The two beams in shot six are coming from 5 miles away and form a 5 mile x 5.2 mile x 2.2 mile triangle. A total of six 7.8w lasers were being used.
This pair of towers were built around 1975 and are 35m high, the fat one that I topped holds 3.41 million litres and its skinnier neighbour holds 1.14 million litres.
As usual the clock was ticking and it was pitch black but I did manage to crack off the following shots…
Wrong Way Down
If Brick Arch Porn floats your boat then get ready for a nice fat slice…
The 5th July 1894 was the ceremony for the cutting of the first sod in the presence of 2-300 invited spectators and Swithland Reservoir and Water Works was completed two years later in 1896 to the designs of architects J B Everard and Everard and Pick.
Our sole interest on this visit however was the hexagonal Victorian underground reservoir underneath an elaborate octagonal stone gazebo. This sits on a large stone plinth and has 8 Doric Roman columns supporting arches, entablature and a lead dome with a carved stone lantern on top, surrounded by six further hexagonal Filter Beds which cleaned the water from the open reservoir before supplying the City of Leicester.
The sole purpose of the gazebo was that of an air vent for the underground reservoir and is typical of the over the top, detailed Victorian architecture found everywhere at these waterworks…Everywhere you look is red and blue brick, dressed stone and wrought iron!!
The hexagonal shaped underground reservoir is split into two sections which could be controlled independently by way of complex piping and Penstocks, both sides are a mirror image of each other and share the central airvent. This was quite a challenging location to light due to the structure and some ingress of daylight through the five small arched windows, hopefully I have done it justice…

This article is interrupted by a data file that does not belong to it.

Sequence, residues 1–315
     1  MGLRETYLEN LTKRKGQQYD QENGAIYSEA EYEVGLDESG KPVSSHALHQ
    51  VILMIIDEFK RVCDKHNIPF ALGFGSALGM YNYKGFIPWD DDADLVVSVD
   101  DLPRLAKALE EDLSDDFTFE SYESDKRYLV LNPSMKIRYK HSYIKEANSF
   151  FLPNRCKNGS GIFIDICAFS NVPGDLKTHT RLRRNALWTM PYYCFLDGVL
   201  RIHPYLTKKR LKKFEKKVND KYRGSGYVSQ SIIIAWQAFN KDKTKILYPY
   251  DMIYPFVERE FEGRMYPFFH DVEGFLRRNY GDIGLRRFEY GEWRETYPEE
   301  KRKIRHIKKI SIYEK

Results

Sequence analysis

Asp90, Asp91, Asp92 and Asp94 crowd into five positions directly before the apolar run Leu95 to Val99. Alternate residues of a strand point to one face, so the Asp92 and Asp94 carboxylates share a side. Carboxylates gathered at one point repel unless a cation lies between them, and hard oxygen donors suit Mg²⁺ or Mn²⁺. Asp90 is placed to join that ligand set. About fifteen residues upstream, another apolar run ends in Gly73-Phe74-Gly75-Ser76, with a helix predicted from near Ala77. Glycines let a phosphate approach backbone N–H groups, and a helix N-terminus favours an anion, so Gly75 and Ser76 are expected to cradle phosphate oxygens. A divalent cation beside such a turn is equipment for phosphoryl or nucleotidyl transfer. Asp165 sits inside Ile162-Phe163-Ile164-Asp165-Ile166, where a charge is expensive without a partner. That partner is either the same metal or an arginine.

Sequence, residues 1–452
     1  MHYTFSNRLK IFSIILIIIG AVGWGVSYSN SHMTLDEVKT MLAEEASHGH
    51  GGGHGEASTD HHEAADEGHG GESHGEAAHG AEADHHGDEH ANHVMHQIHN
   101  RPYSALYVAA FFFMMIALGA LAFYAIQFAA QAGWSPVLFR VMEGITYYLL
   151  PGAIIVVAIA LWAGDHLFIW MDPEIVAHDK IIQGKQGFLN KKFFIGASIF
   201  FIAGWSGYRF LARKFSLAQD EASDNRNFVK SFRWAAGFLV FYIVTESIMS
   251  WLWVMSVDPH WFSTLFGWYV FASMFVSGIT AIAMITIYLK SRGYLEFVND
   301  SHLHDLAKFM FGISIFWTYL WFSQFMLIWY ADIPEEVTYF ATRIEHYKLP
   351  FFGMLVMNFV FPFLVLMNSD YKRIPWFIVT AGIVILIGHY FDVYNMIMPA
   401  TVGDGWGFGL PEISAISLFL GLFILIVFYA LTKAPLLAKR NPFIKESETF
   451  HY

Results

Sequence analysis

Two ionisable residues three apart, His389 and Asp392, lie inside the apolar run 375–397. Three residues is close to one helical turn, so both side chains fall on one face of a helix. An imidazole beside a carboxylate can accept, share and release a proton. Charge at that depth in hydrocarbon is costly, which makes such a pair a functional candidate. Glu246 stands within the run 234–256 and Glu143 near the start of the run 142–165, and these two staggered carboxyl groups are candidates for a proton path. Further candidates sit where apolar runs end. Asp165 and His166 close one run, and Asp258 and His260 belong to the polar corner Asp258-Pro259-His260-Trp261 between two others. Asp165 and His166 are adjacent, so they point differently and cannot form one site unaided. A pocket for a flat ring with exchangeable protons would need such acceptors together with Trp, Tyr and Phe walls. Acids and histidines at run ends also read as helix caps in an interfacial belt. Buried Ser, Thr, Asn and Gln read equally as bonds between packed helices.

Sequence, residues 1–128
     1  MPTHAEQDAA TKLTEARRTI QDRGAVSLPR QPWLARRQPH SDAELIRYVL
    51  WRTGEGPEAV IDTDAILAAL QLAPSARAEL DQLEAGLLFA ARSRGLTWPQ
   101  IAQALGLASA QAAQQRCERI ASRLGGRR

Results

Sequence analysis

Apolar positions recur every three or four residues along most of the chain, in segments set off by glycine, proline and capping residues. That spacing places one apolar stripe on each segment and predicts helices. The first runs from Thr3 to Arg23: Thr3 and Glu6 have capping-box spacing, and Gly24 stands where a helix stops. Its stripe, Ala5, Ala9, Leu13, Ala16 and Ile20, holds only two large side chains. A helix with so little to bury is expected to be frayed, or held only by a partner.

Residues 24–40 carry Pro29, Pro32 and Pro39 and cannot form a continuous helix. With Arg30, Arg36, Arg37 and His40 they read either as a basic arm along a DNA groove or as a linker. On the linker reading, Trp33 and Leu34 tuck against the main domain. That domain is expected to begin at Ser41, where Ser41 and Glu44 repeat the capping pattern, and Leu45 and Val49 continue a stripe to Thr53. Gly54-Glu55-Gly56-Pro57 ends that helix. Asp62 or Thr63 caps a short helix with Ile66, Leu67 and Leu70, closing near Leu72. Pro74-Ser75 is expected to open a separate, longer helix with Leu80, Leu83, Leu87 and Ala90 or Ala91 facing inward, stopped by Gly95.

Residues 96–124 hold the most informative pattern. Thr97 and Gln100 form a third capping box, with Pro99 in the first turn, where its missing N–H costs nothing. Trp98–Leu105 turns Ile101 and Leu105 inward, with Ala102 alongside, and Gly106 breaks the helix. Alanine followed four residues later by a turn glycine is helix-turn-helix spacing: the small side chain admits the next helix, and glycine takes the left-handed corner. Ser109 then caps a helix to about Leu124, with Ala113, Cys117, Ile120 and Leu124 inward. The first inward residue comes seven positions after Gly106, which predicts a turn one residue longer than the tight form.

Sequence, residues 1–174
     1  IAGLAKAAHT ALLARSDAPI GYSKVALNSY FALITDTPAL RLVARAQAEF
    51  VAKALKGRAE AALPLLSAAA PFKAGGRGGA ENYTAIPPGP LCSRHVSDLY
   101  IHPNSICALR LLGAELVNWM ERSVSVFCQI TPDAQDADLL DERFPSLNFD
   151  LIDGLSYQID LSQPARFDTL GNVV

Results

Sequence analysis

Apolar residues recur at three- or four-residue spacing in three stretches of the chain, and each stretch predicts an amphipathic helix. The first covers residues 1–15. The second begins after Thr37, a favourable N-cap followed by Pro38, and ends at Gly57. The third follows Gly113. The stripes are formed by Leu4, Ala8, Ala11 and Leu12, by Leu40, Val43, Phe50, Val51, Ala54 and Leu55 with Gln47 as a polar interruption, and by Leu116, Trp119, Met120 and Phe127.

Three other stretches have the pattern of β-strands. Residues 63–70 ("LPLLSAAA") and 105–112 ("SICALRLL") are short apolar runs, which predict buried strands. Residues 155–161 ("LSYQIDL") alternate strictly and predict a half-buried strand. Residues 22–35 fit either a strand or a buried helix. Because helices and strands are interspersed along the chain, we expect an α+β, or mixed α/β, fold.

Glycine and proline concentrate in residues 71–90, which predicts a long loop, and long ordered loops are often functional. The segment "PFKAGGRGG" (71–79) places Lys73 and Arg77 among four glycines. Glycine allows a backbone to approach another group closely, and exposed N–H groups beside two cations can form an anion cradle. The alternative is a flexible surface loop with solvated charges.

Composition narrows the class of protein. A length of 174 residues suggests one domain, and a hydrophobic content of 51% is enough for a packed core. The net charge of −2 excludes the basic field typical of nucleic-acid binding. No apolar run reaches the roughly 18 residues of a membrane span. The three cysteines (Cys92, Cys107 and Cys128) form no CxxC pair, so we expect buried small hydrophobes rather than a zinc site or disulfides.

The underground reservoir could be discharged out into the small river behind the waterworks by way of buried cast iron pipes leading to an ornate octagonal Excess Fountain built from blue brick and two small, stepped, overflow channels reached via a dressed stone bridge with carved Renaissance obelisks running over a granite lined stream. Also amongst the woods is a large pond with sluice gates.
The rest of the site is worthy of mention and might form part of a report on a return visit. There is an amazingly ornate Draw Off Tower at the edge of the open reservoir and some incredible brickwork arches forming part of the overflow and huge granite lined Spillway. Large cast iron pipes are visible all over the place and and we came across some beautiful Victorian Penstocks in the woods.
The original pump house is still intact but sadly today is full of modern electronics, previously it would have looked like this:
The entire site is now grade 2 listed and owned by Severn Trent water works.
Also running across the reservoir is the Great Central Railway and we saw several steam loco’s flying across the viaduct while we inserted and extracted from the site dodging the throngs of tourists.
In 1893, the Manchester, Sheffield and Lincolnshire Railway received the Royal Assent for the construction of the new mainline from Annesley, 12 miles north of Nottingham, to London Marylebone. The line opened for coal traffic in July 1898. The following March, the Great Central Railway ran its first passenger train from Marylebone Station, and soon lived up to its slogan, `Rapid Travel in Luxury’. However, the motor car began to have a serious effect on the railways in the 1950’s and long stretches of the line were closed in 1966.
Today, the Great Central Railway is one of the few railways in the world where scheduled full size steam trains pass in motion on a double track. In 1969, a group of enthusiasts decided to recreate for future generations the magic and nostalgia of the great British age of steam. Eventually it is hoped to link Nottingham and Leicester.